It should be noted as well, that long exposure to NaCl induced a strong stress and defence response which resembles the TNFα mediated response. Specifically the chemokine/cytokines CCL7/20, CXCL3/5, Spp1 and Pdgfb were induced after 8 h of NaCl treatment. All these chemokines, except Pdgf1b, were up-regulated by TNFα as well, while only CCL20 was up-regulated by anisomycin. The up-regulation of chemokines and cytokines indicates that long exposure to NaCl induces a late TNFα-like response necessary for cell adaptation to osmostress. A full list of genes found in each category can be accessed through the supplementary miniweb file (additional file 6).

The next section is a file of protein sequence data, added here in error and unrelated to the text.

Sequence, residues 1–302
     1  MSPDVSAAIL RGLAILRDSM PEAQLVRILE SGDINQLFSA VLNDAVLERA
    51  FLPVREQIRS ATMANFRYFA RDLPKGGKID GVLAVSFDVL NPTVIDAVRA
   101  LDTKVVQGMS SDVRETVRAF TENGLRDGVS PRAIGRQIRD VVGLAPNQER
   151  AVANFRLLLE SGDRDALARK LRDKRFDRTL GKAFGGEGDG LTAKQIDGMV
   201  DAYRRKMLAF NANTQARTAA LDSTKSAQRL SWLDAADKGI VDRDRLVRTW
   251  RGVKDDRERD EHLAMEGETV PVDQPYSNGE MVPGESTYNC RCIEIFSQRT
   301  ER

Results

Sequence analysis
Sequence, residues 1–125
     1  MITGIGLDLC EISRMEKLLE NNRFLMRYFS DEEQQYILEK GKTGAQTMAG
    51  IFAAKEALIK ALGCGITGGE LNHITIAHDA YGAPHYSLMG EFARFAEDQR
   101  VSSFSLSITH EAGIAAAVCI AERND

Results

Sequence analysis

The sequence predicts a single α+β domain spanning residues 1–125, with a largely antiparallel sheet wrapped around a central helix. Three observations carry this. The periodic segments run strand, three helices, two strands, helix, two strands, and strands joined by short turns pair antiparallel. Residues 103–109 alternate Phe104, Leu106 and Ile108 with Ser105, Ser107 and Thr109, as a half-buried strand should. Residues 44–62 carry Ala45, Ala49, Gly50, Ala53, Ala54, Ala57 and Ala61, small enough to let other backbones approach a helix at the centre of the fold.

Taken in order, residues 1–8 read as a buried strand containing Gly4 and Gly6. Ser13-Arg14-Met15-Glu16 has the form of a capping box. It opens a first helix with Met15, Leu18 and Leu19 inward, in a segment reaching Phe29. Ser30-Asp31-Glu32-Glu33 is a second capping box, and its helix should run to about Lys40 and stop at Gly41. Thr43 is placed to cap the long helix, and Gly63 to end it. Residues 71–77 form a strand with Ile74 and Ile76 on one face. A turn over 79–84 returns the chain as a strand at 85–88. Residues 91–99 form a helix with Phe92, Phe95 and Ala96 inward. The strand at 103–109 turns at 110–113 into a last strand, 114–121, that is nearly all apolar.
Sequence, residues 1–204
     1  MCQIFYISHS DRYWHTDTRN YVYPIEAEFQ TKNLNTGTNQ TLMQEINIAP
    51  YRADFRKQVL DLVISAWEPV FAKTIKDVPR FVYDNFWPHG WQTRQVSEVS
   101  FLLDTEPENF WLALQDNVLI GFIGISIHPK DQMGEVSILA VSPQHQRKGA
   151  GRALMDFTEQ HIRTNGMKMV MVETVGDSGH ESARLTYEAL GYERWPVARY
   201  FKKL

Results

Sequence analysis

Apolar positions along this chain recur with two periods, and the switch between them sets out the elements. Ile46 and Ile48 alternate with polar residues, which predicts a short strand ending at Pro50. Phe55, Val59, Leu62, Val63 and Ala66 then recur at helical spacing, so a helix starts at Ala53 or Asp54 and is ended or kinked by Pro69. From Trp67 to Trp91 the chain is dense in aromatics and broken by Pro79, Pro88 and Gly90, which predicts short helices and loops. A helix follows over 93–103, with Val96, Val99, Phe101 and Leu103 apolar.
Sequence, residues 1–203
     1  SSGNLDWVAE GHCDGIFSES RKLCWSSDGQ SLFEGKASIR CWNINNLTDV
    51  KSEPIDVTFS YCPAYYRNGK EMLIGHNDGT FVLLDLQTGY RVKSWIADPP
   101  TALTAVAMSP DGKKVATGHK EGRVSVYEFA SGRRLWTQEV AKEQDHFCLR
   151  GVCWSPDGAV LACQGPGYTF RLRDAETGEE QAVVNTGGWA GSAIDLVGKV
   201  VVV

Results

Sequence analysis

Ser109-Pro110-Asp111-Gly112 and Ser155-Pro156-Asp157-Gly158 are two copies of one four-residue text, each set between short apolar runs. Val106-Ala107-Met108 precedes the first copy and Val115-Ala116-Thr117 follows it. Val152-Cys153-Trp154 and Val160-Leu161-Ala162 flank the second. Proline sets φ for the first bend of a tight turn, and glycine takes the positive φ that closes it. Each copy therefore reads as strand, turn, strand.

Discussion

The activity of p38 SAPK is important for controlling many aspects of cell physiology and its role in gene expression regulation has been well established. For instance, the Saccharomyces cerevisae p38 SAPK orthologue Hog1 plays a key role regulating osmostress-induced genes required for yeast adaptation to osmotic shock [3]. In order to shed light on the role of p38 SAPK in genome-wide transcriptional regulation in response to stress, we have performed whole genome microarray analyses and compared three different treatments (TNFα, anisomycin and NaCl) that are able to activate p38 SAPK, albeit with different kinetics. The three p38 SAPK activators induced the up-regulation of a specific set of genes, with a small core set of genes being induced by all of them.